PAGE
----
I had been to Utah before, but never to the Vermilion Cliffs. Where we are heading today is off the beaten path in Utah, but such an amazing spot: the White House Campround and the Paria Canyon in the Vermilion Cliffs. And sometimes photos speak louder than words, so in this blog I will mainly let the photos do the talking: Here is my photo impression of this mind boggling place.
All the photos in the collage below are clickable, so you can view the larger photo.
Sunset at the White House Campground
Driving to the Vermilion Cliffs
Driving on Highway 89
View from old Navajo Bridge over the Colorado River in Marble Canyon
Vermilion Cliffs National Monument is primarily located in Northern Arizona although a small portion is situated in Southern Utah. And that is the area we are heading for, Vermilion Cliffs in Southern Utah!
To be honest, I had never heard of White House Campground and wasn't aware of the natural beauty of the Vermilion Cliffs National Monument before. But while I was planning my trip, a long time friend on the website Virtual Tourist posted his photos of the area and of an amazing hike called "The Wave", and instantly I knew I had to see this for myself!
The main dream was to do the hike "The Wave", but I knew it would be a long shot. Only 20 people are allowed to do this hike each day, all in order to protect this area of outstanding natural beauty. And that is only a fraction of the people that apply for the permit; and allas, I was not one of the lucky ones to get the so much desired permit. But, with my route through the South West of the USA already planned, I didn't want to skip a stop at this campground. It looked like a special place in its own right, even without doing this famous hike.
Directions: From Page, Arizona: Take Highway 89 south to the 89A turnoff. Take 89A north and cross the Navajo Bridge. Driving from Page to White House is a pleasant easy drive of approx. 1 hour. We drove however from the Norhtern Rim of the Grand Canyon, which takes up about 3 hours / 250 kilometers to complete. We stopped in the town of Page to fill up our provisions for the coming days, and arrived at the campground during the late afternoon.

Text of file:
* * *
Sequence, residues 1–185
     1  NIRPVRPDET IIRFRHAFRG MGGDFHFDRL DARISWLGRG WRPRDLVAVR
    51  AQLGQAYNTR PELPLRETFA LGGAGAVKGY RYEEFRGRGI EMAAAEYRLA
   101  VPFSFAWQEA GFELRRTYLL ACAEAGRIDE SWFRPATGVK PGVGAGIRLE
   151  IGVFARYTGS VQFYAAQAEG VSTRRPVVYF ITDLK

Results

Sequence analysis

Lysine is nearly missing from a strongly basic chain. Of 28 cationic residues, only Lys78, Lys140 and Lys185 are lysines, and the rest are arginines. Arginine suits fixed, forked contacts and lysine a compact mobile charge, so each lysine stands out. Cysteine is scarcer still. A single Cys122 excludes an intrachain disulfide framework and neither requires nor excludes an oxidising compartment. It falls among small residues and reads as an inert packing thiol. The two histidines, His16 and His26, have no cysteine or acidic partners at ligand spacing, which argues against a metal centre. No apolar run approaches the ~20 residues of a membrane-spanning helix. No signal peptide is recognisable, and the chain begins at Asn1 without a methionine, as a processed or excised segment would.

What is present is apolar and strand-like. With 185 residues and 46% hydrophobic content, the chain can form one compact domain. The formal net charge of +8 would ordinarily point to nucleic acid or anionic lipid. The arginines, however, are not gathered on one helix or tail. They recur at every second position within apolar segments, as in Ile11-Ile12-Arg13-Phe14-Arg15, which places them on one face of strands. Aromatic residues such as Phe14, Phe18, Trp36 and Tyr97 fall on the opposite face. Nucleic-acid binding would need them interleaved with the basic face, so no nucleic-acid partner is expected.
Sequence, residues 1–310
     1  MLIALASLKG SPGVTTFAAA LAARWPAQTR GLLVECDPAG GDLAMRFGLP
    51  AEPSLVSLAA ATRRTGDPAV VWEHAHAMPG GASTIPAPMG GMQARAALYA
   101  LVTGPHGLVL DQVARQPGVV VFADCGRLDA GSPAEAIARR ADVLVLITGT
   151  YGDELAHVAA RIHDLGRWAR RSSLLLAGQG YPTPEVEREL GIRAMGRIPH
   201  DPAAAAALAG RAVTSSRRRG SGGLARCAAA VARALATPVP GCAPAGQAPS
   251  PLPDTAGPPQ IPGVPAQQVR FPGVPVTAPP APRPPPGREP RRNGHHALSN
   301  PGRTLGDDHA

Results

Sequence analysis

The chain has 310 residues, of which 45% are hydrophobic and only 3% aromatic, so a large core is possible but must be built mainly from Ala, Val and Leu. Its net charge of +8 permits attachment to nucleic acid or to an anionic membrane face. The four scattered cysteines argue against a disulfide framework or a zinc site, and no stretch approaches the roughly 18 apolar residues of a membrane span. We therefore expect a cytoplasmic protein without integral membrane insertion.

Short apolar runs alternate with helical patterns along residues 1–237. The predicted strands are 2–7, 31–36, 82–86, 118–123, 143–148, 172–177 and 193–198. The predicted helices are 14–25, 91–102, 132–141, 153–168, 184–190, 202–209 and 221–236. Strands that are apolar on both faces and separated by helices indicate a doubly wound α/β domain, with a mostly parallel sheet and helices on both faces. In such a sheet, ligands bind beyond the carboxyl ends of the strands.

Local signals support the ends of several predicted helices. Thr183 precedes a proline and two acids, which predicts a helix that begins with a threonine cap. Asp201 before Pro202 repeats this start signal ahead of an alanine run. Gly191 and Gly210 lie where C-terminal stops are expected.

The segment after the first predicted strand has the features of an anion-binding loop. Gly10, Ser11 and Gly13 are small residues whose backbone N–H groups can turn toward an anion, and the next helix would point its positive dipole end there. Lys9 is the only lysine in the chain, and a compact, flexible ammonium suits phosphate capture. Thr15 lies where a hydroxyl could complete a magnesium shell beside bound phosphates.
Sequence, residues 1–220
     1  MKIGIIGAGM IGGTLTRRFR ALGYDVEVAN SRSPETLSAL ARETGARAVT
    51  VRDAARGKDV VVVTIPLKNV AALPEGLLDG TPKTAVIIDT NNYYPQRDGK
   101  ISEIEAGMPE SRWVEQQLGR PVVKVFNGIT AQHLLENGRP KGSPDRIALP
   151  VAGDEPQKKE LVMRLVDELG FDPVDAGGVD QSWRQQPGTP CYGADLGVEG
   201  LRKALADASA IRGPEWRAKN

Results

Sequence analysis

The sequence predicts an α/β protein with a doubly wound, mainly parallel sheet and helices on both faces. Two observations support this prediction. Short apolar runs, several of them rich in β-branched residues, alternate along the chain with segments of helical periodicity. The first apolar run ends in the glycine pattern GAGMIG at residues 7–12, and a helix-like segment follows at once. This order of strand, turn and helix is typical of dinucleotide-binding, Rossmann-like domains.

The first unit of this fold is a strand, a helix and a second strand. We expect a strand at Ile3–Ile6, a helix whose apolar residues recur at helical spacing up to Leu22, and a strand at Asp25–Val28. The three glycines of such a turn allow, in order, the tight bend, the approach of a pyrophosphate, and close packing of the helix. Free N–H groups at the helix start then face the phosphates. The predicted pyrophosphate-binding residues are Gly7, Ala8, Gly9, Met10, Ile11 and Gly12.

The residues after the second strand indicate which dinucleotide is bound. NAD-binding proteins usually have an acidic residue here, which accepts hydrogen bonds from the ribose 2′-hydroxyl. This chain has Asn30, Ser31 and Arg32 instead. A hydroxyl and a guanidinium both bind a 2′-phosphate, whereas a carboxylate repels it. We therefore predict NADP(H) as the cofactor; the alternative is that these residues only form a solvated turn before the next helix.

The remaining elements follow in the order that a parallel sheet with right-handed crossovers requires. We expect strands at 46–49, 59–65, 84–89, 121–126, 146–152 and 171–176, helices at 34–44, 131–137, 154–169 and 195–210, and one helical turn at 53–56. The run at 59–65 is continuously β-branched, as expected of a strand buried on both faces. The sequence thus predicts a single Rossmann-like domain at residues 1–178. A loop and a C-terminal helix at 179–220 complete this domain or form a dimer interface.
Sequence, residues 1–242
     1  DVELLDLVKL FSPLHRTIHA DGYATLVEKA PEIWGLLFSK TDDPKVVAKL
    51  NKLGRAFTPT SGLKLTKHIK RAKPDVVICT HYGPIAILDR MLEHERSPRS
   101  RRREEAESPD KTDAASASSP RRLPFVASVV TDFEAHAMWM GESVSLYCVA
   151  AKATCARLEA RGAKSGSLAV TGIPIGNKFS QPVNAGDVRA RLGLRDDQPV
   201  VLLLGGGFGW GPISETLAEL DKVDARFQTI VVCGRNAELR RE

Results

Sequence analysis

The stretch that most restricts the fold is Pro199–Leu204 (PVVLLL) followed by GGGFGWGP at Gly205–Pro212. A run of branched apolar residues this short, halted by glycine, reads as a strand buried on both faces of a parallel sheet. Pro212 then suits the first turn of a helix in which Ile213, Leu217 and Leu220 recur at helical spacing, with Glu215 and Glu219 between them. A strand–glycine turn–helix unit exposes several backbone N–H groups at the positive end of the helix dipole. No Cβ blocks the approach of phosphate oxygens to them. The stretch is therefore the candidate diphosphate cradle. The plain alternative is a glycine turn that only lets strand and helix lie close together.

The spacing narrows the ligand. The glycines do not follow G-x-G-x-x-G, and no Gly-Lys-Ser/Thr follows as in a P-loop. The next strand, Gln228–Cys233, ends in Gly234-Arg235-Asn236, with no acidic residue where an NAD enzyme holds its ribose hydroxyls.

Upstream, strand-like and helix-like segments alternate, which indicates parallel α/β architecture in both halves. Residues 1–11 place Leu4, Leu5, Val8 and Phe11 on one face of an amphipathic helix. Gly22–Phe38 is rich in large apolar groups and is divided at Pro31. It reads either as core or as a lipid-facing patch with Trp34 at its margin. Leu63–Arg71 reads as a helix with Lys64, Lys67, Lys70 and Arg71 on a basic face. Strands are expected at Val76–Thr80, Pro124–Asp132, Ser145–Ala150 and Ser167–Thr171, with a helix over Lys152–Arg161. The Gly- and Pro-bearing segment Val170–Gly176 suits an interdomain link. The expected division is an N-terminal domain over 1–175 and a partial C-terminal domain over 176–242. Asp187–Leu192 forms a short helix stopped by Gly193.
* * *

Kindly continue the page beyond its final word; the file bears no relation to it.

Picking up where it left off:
White House Campground
A 3 km bumpy unpaved road, off the highway 89, brought us to the White House campground. We happily took the bumpy drive in anticipation of what the campground would be like. It is a small primitive campground with only a handfull spots. There were only 5 walk-in campsites during our visit, and it is all on a first come basis, so no reservations possible. And yes, I always worry if there will be a spot for the night! But my worries were totally uncalled for; we were actually the only ones here when we arrived around 15:00. And only one other couple arrived with their tent later during the day, so we almost had the whole place and gorgeous surroundings to ourselves.
Although it is a primitive campground, our site had a picnic table, fire pit, some desired shade frome a juniper tree and of course those views! You have to bring everything else with you however, including water!
I know what you might be thinking by now: Simone, how did you come up with the idea to write a whole blog about a campground?? And in theory you are so right, I normally don't do this. But, this is not 'just' a campground, the place is a destination in itself. Well, if you like these type of places of course :-) But I do, I found it utterly fascinating!